Yet that was all by the by. The main battlefield was still in the US. Up to four SEISMOS crews operated simultaneously there. Party chiefs, besides Geussenhainer and Mintrop, included other renowned scientists such as Ernst Cloos, Friedrich Trappe, Carl Schmidt, Wilhelm Kolb, and A. Thomas. Mintrop talked of 22 salt structures discovered by SEISMOS in the US up to 1930. The very prolific oil field of the East Hackberry salt dome too was one of them. No less than nine companies used the services of SFiSMOS in the US from 1923-30. Something big was set in motion.

How did the oil country America react to such spectacdar events? The press was full of it. But decisive were the consequences of this revolution. Here is what two competent chief witnesses of this epoch had to say.

O. Scott Petty, cofounder of the Petty Geophysical Engineering Company (now integrated into Halliburton Geophysical Services) relates the formation of his company in the brochure Seismic reflections Petty, then an engineer in Dallas, cites a letter that he received on March 25, 1925 from his brother Dabney, a geologist in Austin. Petty sees this note as “The Letter That Sparked the Beginning,” that is, the beginning of his company:

Scottie, I am going to enclose a copy of a paper that the SEISMOS
people put out-who are furnishing the Gulf with their seismographs...There
are only three companies using them now in the
Gulf Coast. But the others are working on them and no doubt will
soon be using them.. .I am wondering if you would spend a few of
your spare moments in studying the method and see if you can
learn to interpret the readings.. .I am going to be blown up so far
as economic geology goes if I don’t get lined up with one of these
instruments.. .if you could learn how to use one we could do a great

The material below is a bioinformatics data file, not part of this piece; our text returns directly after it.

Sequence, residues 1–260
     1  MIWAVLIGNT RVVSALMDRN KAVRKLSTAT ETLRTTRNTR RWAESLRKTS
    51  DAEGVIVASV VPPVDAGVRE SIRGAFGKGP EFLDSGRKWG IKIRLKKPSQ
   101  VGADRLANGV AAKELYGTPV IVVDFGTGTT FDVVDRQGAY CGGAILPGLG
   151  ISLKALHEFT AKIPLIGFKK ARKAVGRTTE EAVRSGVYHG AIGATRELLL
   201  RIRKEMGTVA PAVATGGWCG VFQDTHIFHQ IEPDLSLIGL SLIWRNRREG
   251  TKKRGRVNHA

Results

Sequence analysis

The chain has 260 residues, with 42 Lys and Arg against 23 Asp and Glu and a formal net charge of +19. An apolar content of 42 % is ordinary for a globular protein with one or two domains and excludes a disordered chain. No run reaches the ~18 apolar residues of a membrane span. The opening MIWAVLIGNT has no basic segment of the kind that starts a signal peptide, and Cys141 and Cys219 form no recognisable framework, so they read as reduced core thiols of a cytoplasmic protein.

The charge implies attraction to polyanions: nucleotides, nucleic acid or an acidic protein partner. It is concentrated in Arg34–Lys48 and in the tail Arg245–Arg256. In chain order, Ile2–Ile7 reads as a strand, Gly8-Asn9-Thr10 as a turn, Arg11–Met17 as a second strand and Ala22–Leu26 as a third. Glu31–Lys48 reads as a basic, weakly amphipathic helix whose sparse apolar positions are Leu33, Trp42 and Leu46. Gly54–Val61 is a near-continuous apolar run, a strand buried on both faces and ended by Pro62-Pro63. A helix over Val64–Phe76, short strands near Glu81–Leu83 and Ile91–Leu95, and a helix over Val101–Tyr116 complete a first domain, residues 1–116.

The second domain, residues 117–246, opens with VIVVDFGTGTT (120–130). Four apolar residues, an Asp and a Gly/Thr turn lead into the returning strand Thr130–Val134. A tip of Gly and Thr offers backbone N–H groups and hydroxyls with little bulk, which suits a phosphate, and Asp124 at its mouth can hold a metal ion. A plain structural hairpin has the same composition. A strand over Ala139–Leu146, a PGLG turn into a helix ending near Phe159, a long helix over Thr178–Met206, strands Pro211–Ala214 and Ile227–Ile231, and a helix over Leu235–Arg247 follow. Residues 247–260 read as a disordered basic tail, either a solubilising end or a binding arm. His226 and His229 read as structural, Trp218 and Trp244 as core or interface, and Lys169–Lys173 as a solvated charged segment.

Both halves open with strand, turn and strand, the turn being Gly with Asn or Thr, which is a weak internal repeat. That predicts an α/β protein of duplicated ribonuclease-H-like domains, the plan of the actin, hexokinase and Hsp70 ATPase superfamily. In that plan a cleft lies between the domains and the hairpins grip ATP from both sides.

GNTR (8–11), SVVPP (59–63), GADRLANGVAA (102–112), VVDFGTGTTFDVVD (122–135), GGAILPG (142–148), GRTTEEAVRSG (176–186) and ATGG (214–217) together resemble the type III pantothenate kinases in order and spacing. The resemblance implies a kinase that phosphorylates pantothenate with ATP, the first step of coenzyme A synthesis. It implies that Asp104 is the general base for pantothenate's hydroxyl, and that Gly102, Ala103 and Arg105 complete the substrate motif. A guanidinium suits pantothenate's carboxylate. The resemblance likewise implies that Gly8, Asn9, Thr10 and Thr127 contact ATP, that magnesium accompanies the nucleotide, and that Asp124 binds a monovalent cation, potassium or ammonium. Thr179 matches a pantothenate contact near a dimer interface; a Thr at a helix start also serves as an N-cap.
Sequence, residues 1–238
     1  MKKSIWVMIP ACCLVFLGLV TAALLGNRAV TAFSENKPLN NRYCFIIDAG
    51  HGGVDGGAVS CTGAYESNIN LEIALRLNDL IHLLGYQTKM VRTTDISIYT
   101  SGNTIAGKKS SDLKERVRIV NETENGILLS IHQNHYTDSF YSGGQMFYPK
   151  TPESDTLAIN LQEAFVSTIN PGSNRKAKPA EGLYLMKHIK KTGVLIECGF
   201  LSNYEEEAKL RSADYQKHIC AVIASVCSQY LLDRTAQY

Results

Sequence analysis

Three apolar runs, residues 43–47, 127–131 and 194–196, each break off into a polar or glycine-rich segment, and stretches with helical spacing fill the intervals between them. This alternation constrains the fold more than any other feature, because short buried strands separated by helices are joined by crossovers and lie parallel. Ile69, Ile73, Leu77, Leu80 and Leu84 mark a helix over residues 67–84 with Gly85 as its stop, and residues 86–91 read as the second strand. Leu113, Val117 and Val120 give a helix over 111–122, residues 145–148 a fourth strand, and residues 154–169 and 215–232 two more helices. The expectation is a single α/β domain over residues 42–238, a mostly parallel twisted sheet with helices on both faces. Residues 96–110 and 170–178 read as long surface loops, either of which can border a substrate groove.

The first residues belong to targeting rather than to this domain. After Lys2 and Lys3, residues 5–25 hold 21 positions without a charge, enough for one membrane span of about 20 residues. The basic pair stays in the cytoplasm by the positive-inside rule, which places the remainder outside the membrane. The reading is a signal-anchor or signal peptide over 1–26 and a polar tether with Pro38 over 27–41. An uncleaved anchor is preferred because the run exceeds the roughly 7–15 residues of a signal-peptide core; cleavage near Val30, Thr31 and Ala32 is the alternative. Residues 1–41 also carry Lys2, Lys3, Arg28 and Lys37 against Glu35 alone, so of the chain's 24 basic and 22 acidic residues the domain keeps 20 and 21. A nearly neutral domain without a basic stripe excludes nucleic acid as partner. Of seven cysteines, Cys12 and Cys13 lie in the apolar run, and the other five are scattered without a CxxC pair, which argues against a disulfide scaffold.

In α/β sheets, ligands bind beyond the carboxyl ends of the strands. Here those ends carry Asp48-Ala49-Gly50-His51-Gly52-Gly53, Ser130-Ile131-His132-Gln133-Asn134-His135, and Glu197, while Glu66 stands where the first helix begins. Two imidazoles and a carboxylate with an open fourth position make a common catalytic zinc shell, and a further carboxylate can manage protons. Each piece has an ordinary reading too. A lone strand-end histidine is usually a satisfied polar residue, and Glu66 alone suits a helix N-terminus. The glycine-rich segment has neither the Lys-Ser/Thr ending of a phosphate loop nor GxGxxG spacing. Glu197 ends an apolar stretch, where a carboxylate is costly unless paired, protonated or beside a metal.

business doing consulting work.. .

The chase had really begun. The second chief witness is no less than Everette Lee DeGolyer, the most important American oil geologist of his time “Mr. De” spoke candidly of Mlntrop’s success on the Gulf coast:


. ..I was inclined to be skeptical with regard to the possible value
of the seismic method. Repeated successes of the SEISMOS crews
for the Gulf, however, soon convinced me that the method was one
to be reckoned with...During 1925 practically all the commercial
work was being done by SEISMOS. In November of that year three
crews were operating for the Gulf and one crew for Marland.

DeGolyer had been converted from “Saulus” to “Paulus.” And “Paulus” DeGolyer did not require any more proof of the system’s effectiveness. He started to act. Together with Karcher and advised in scientific matters by the brilliant inventor Reginald Fessenden, he founded the Geophysical Research Corporation (GRC) in 1925 as a subsidiary of Amerada Oil. The legendary “Amerada tree” was planted. The company was to become the origin of several of the most successful American geophysical organizations. Mintrop had shot awake the oil giant USA. A long line of witnesses to these events could be given; however, the citations of Petty and DeGolyer should suffice.

"Mintrop Seismogram and Interpretation."

Scouts and Gunmen

It proved of little value that Mintrop protected his seismographs like a state secret and had them guarded. He forbade his employees to make technical or scientific drawings which could have fallen into the wrong hands. Karl Roepke, a long-standing colleague of Mintrop, bears witness to “The Boss” having once frisked his suitcase and found a bundle of very private letters, made evident by a pink ribbon. Weighing the bundle undecidedly in his hands at last, only at Roepke’s earnest request, hesitatingly put it back in the case with the words: “Well, I believe you this time.”

Mintrop’s fears were well founded, as the correspondence be- tween the Petty brothers proves only too clearly. His technique was protected by patent in the US in 1926, but what did that mean? Protection was illusion, be it by gunmen or by law. Soon, too many oil companies knew the instrumentation and the technique, its strengths and its limitations. This state of affairs was seen by Sweet as follows:

The German seismograph parties in the year and a half that they
were alone in the field, employed guards armed with shot guns
with instructions to shoot anyone who approached the tents in which
the mechanical seismographs were set up. These armed guards were
also used for the purpose of making sure no one stole any part of
the equipment. Other companies did scout the Germans but usually
with the aid of a pair of binoculars and at a safe distance.

The scouts were not only after Mintrop’s equipment and technique, they also wanted the results as a consequence of the peculiar American mineral rights of landowners. Party Chief and Wiechert pupil Wilhelm Haubold described this facet of the archaic seismic era in his memoirs: